The Land Of The Giants

In Adventures, Articles, Uncategorized by Andre Van VuurenLeave a Comment

The Mapungubwe National Park in Limpopo and the Northern Tuli Game Reserve across the Limpopo River in Botswana is often referred to as the “land of the giants”.It is home to Africa’s  largest mammal (elephant), the tallest mammal (giraffe), Africa’s largest cat (lion), largest antelope (eland), heaviest flying bird (kori bustard), and largest bird (ostrich), as well as massive Baobab, Leadwood, Apple Leaf and Mashatu trees. Leopard are also seen most days of the year!

When we travel to this area we generally overnight in the self catering huts in the Leokwe Camp, this is the main camp in Mapangubwe. The camp has a sundeck, pool and communal braai area.

There are many interpretations of the meaning of Mapungubwe and the most likely is the ‘place of the jackal’. Great archaeological treasures have been discovered here and the entire region is considered of significant cultural importance.

After a few day we would leave for the Pontdrift border post where we will enter the Northern Tuli Game Reserve in Botswana. Northern Tuli is home to the largest concentration of elephants on privately owned land in Africa. The reserve integrates the Mashatu Game Reserve, Tuli Nature Reserve and other smaller game reserves. Tuli is also an area with numerous archaeological and historical sites, with evidence of early communities. Pottery shards, beads, smelting relics and granaries can be seen at a few of these sites. Apart from a portion of land in Ghanzi, around Gaborone, Pandamatenga and Lobatse, Tuli Block remains one of the few areas where freehold land in Botswana is available.

There is no bridge over the Limpopo and we generally drive through the soft sand or shallow water if the river is not in flood. If the water level is too high, we will use the bridge at the Platjan borderpost.

The next camp we would visit is the Sha-limpo at the confluence of the Shashe and Limpopo rivers. Sha-limpo is an unassuming, self-catering stone lodge accommodating 10 guests in five safari-style en-suite rooms. The staff  bakes fresh bread daily, cleans, starts the camp fire and sets tables. The lodge enjoys a 360 degree view of the reserve, overlooking the confluence and the sandstone hills and rock formations on the Zimbabwean and South African sides of the rivers. Other facilities includes an open-air outdoor shower, plunge pool, large fully equipped farm style kitchen with an original Dover wood stove and an open-plan indoor dining and lounge area with a covered patio.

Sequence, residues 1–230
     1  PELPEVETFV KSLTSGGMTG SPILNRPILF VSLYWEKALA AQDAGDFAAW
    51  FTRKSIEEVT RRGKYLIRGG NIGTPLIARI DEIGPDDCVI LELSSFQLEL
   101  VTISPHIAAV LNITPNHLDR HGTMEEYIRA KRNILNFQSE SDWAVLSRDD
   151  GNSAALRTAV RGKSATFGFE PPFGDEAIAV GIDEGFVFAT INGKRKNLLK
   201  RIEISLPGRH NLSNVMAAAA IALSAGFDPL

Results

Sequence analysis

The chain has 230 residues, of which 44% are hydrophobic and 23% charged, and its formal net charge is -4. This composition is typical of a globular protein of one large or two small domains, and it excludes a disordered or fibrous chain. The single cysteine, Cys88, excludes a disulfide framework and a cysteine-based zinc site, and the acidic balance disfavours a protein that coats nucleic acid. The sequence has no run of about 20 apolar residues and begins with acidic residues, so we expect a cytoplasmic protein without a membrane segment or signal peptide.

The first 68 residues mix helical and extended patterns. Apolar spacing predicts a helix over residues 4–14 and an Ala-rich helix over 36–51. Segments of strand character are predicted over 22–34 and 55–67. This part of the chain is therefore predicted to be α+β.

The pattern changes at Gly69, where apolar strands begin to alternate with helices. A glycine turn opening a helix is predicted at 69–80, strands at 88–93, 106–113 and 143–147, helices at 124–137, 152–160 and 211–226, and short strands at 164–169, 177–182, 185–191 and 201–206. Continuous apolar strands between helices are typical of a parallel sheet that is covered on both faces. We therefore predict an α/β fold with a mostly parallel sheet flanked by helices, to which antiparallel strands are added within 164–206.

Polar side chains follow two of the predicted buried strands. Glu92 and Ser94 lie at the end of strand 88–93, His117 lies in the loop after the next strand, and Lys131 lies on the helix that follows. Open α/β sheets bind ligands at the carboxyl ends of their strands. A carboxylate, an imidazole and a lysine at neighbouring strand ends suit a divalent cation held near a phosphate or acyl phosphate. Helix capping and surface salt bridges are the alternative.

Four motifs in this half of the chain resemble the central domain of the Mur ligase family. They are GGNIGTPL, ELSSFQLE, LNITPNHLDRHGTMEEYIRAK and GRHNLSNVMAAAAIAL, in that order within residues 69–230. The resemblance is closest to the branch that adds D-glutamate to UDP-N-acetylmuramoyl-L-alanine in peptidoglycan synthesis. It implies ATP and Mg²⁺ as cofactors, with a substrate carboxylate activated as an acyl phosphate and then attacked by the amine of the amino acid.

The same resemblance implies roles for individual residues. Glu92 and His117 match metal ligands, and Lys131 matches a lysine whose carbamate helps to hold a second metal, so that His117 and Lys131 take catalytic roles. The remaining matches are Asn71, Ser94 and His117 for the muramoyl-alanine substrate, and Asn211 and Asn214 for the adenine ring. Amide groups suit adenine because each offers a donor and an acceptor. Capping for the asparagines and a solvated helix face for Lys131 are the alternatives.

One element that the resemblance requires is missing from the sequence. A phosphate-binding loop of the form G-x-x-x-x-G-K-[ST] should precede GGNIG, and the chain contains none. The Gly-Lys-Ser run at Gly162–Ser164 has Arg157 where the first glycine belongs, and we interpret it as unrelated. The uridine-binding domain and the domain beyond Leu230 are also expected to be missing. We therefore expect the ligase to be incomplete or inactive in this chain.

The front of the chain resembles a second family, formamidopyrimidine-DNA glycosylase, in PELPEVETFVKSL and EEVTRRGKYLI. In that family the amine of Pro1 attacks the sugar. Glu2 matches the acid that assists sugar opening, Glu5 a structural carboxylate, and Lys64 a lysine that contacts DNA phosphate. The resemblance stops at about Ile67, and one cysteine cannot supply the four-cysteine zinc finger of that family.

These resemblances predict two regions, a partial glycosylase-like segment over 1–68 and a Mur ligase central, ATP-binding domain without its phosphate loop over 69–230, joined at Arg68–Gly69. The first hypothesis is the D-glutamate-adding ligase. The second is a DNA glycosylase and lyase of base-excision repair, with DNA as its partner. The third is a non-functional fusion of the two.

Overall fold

Visitors to the Northern Tuli Game Reserve are not allowed to do game drives in their private vehicles. As such at Sha-limpo we do morning and afternoon game drives with the game drive vehicle from the lodge.After about two days our group moves on toSerolo Safari Camp in the Tuli Wilderness concession. It is a luxury self-catering camp and we generally stay there for three nights.

The property borders the great Limpopo River at its southern end and the Motloutse River to the East and encompasses riverine thickets, mopane veld, open plains and boulder-strewn sandstone ecosystems, complete with the game one would expect. Large herds of free-roaming eland, zebra and wildebeest are seen regularly and many other plains game are also found in the area. Amongst these general game species lurk the predator population of Lion, Leopard, Cheetah, Wild Dog and both Spotted and Brown Hyena. Serolo is owner-managed by Stuart Quinn who has a wealth of experience in the southern African wildlife tourism, hospitality and training industry.

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